My perspective of working with the Ionic Framework

For a while now I've been praising the the Ionic framework as one of the coolest things to happen to Cordova/PhoneGap development. I kept promising to talk about it a bit more deeply on the blog and today I've finally gotten around to it. This will be somewhat long, and rambling, but I hope it will give readers an idea of why Ionic is so cool and why they should consider giving it a try.

Let's begin by talking about what the framework actually is. I'll steal their marketing tagline as a jumping off point:

Free and open source, Ionic offers a library of mobile-optimized HTML, CSS and JS components for building highly interactive apps. Built with Sass and optimized for AngularJS.

Ok, cool, so let's break that down a bit.

First and foremost, Ionic is not just another UI framework. Not that there is anything particularly wrong with that; I love UI frameworks as they are a simple way to make my demos look nicer, but Ionic is much more than this. To be clear, there is a UI part to the framework and in theory you could use just that aspect, but you would be missing out on a significant part of what makes Ionic great. You can see plenty of examples on the site itself, but here are a few samples I stole from the docs. First, a Card view:

And here is a list view:

You can see more examples on their components page. Basically - a nice clean, perhaps Bootstrap-ish, look to it.

The next major aspect of Ionic is that it is "optimized" for Angular. When you work with projects (and I'll talk a bit more about that experience later), your initial code will be an Angular project, so if you are using Ionic, you can pretty much assume Angular as well. Do not let that be a blocker for you. If you read my blog regularly, then you know I've recently started working with Angular again. I'm very much at the newbie level where I can get stuff done, slowly, and the code is ugly, but it works, and that makes me happy. So speaking as an Angular noob, I felt comfortable using Ionic with it. What problems I did have came more from my lack of experience and never actually stopped me from working. Of course, if you know nothing of Angular, you may want to spend a few minutes looking at it before you use Ionic, but you certainly do not need to be an expert.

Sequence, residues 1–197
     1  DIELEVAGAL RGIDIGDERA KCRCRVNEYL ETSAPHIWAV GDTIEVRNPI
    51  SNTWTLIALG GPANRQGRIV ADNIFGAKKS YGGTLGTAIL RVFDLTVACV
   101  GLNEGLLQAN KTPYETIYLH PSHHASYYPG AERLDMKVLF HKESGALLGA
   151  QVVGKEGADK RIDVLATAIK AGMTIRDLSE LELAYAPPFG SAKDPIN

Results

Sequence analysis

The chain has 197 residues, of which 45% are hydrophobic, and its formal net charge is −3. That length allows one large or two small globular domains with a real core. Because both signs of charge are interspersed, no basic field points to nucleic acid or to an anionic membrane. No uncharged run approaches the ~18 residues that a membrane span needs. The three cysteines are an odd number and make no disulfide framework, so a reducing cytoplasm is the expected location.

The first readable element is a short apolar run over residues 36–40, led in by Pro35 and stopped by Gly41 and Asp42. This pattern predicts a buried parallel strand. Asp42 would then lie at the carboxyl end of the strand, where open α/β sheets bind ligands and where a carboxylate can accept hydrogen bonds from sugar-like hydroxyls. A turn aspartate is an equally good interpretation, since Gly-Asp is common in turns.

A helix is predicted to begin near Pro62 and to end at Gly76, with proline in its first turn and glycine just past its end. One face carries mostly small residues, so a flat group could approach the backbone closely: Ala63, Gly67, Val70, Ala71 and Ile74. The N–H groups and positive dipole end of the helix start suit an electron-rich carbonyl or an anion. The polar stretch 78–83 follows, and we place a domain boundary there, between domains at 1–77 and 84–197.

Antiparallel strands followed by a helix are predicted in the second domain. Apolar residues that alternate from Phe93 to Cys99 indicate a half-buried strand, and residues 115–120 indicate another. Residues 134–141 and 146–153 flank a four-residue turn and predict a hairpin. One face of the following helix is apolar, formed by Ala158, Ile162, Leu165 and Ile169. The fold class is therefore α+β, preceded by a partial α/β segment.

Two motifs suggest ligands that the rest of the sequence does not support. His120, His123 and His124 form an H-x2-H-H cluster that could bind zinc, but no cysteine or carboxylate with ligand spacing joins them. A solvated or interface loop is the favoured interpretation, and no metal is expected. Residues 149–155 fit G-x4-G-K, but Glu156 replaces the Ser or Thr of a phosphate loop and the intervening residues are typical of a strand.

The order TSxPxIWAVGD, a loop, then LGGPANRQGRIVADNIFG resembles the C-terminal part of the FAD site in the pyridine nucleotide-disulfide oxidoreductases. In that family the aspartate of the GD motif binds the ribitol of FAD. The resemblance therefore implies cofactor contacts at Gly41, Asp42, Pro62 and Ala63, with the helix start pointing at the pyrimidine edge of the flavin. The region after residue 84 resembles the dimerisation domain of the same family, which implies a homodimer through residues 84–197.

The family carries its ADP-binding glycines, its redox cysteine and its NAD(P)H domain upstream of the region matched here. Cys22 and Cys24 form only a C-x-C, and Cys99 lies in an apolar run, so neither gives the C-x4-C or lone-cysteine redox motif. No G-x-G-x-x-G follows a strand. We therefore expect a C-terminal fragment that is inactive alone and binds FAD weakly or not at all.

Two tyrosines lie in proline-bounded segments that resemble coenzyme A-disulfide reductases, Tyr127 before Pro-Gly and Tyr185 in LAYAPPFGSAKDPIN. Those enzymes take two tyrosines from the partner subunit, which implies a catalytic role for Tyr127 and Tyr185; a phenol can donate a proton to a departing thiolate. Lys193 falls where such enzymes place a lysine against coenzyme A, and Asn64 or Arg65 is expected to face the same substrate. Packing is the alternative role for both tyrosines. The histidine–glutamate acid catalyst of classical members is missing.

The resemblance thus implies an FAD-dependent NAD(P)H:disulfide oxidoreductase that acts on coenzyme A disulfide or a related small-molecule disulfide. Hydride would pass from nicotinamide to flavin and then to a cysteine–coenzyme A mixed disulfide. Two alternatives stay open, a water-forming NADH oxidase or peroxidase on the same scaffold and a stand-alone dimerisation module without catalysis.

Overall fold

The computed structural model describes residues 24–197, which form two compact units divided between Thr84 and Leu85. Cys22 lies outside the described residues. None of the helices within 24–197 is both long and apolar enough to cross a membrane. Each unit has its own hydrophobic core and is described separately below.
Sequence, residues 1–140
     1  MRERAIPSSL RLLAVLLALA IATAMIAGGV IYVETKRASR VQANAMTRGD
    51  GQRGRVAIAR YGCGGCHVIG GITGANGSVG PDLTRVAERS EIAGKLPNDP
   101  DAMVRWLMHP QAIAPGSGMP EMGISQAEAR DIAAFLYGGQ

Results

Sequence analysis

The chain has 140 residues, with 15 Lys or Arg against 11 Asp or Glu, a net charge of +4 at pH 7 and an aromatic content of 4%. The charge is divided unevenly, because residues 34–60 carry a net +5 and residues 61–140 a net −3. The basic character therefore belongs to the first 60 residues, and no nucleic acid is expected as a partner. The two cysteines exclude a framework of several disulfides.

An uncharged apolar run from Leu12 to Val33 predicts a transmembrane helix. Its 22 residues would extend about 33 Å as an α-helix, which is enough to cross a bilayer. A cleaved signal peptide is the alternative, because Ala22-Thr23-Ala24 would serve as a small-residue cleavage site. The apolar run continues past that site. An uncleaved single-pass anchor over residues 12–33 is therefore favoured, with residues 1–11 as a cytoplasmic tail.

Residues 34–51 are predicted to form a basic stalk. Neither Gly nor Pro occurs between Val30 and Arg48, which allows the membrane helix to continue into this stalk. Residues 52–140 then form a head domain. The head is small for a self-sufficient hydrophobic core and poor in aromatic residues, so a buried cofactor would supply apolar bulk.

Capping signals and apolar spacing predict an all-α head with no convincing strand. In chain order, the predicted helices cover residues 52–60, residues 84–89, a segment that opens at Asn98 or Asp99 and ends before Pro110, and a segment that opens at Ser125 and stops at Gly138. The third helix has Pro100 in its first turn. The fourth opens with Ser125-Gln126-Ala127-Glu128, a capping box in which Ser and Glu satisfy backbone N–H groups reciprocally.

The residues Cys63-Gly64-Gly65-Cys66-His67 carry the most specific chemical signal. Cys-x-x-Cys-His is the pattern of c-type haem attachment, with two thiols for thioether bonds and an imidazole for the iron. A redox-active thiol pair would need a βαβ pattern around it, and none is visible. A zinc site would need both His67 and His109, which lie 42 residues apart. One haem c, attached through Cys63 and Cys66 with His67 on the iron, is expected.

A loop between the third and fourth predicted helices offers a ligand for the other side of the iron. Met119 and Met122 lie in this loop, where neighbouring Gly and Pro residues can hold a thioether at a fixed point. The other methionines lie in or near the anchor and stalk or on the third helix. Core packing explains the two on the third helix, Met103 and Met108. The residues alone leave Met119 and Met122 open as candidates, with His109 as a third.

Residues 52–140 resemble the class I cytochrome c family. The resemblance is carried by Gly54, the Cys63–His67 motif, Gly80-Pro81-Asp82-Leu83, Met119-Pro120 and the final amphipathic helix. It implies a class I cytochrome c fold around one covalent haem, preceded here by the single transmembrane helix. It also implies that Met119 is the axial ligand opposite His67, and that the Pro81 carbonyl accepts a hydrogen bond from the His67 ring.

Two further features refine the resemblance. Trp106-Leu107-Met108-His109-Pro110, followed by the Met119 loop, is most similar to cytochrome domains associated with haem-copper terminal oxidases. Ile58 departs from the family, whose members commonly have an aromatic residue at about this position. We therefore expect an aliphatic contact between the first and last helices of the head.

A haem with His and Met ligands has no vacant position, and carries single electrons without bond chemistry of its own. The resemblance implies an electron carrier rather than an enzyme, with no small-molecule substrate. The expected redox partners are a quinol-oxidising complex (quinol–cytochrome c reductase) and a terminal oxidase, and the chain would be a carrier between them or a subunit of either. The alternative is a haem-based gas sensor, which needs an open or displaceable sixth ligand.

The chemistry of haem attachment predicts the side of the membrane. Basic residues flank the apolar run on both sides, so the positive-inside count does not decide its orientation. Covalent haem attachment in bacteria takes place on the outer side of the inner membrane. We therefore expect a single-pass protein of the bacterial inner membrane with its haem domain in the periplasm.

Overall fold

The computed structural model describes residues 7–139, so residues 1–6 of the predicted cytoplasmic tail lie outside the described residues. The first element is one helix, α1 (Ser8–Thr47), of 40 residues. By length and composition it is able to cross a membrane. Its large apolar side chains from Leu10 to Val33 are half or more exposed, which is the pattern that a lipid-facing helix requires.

Ionic provides multiple different directives for your Angular app, making those nice UI things like the cards and lists somewhat easier to use. Oddly, these are found in the JavaScript portion of the docs, which doesn't quite make sense to me, but that's where you'll find them. There are also times when the docs about the directives are not quite as clear as the pure CSS side. As an example, when I looked at the documentation for ion-list, it wasn't clear how I was supposed to build an inset list. The CSS docs made it clear, but I didn't get how to translate that to the directive version. The solution was pretty simple (add class="list list-inset" to the directive), but it seems like that should have been more clear.

On top of the UI support, there is also strong UX support as well. By that I mean common UX metaphors like pull to refresh are easy to add (ion-refresher) via directives. Other examples include scrollable panes and even my favorite (not), infinite scroll. Basically, all the "typical" UX things you may need in your app are baked into the framework and are pretty easy to use, again, even with me being new to Angular.

The final major aspect of Ionic is its use as a platform to build Cordova (PhoneGap) applications. Again, you don't need to use it for that, but the main Ionic tool (the CLI) is wrapped around working with Cordova projects. You can, of course, skip this and use the UI/UX components in a mobile-optimized web page or in some other hybrid application, but the real treat here is for Cordova developers. When you mix this with the sister project ngCordova, the combination becomes even more powerful.

Ionic has a CLI that can be used to create a new project. It also wraps Cordova CLI commands. So for example, I can start a project with the Ionic CLI and work with my platforms and plugins as well. I can also fire off a call to the emulator from it.